'It's not safe to say the worst is over' from Florence, ex-FEMA Southeast director says 

  • Florence has weakened, but the worst may be yet to come, former FEMA Southeast director John Copenhaver says.
  • The flooding is likely to be costly, but Copenhaver says cost assessment should come after the basics, like power restoration, trash removal and flood water contamination assessment.

Hurricane Florence and its remnants have weakened, but the worst may be yet to come, John Copenhaver, former Federal Emergency Management Agency Southeast director, told CNBC on Monday.

"It's not safe to say that the worst is over. There's going to continue to be areas where the water will rise, perhaps for a period of several days," Copenhaver said on "Power Lunch."

"Once the water starts to recede, then damage assessments can take place," he added.

Florence has killed at least 17 in the Carolinas, and displaced tens of thousands. The storm has continued to dump rain that has nowhere to go except to swell rivers, flood highways and homes, and threaten more lives as it heads toward Virginia and New England. The National Weather Service predicts flash floods, landslide warnings and "prolonged significant river flooding" throughout the Southeast for the next few days.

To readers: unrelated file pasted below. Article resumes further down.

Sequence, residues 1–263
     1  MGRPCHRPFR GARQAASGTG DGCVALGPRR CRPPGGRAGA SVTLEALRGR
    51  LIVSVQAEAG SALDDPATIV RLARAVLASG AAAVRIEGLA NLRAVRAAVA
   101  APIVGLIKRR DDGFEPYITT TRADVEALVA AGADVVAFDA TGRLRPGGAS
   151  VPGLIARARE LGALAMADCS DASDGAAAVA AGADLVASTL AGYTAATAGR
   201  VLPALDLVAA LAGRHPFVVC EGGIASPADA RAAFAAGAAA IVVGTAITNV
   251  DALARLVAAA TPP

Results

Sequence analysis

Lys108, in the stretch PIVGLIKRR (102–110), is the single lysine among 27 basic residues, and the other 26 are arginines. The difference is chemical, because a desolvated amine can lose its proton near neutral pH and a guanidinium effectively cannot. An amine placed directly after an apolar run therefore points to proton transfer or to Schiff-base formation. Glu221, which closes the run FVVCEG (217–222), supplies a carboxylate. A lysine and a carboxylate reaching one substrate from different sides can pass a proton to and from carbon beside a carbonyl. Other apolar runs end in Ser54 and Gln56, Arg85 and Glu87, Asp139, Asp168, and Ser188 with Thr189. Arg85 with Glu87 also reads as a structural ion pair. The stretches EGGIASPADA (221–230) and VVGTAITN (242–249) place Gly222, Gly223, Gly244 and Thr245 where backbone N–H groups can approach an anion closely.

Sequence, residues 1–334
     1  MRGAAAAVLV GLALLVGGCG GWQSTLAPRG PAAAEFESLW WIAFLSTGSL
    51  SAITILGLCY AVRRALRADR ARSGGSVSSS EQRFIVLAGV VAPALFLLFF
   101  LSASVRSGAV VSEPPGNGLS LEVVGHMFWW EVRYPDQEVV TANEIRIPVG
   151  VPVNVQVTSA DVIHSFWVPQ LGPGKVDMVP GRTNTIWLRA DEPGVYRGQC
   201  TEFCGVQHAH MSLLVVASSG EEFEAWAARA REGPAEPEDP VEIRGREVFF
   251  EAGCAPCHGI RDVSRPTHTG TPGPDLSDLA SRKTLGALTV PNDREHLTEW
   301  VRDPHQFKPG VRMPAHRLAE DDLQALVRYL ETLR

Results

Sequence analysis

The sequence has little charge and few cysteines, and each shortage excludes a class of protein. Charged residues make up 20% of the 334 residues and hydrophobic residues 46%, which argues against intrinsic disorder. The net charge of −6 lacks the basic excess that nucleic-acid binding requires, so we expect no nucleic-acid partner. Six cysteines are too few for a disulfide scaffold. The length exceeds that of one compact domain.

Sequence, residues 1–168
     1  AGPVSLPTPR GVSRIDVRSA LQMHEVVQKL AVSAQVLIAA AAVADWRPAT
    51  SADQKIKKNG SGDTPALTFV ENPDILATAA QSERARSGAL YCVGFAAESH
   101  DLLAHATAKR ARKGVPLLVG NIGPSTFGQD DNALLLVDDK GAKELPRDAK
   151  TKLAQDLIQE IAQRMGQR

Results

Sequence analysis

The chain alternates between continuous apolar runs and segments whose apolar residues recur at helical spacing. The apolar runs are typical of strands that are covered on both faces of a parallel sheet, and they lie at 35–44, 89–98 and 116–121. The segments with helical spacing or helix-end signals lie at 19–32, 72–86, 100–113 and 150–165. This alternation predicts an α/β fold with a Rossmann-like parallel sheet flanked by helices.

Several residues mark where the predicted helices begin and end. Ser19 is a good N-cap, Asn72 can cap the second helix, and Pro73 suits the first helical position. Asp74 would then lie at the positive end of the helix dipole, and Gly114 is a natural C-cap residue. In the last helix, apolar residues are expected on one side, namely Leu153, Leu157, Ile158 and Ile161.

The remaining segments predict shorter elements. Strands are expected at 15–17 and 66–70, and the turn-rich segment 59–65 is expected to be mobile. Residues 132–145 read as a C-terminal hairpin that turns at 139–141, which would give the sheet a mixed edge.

Copenhaver, who served Florida and Alabama under President Bill Clinton, said residents of the coastal Carolinas will likely have to adapt to a "new normal."

"The old normal is gone. There have been changes in landscape, because of all the water inundation," Copenhaver said.

One of the first steps to getting back to a semblance of normal is getting the power on, he said.

Duke Energy, which is headquartered in North Carolina and serves about 7.6 million retail electric customers in six states across the Midwest and Southeast, reported about 1.5 million power outages from the storm. As of Monday, Duke said it had restored power to about 1.2 million of those customers.

"It has been an extraordinary storm," Lynn Good, CEO of Duke Energy, said Monday on CNBC's "Closing Bell." "The floodwaters are really impacting the state and many of our customers and has been an important part of the story here with Hurricane Florence."

Good said the company is out in the coastal areas attempting to get a better grasp on what it will take to restore power to the remaining 300,000 customers who are still without it.

"Every hurricane has a different personality to it, or story to unfold, and floodwaters have been an important one here," she added.

All that flooding is likely to be costly, but Copenhaver said cost assessments should come after the basics, like power restoration, trash removal and flood water contamination assessment.

"We shouldn't be jumping the gun trying to figure out how much this will cost us, we should be going through the steps that we know we have to take to begin the recovery process from a major flood. We've done this before," he said.

When it does come down to cost, the impact of the storm could be devastating. FEMA can offer some financial support through its individual assistance program, but that likely won't be enough, even for those with flood insurance, Copenhaver said.

"If they are able to have some reimbursement from the FEMA individual assistance program and from flood insurance, then there is a better chance that they are going to be able to climb back on their feet. But it's going to take a long time," Copenhaver said.

— Reuters contributed to this report.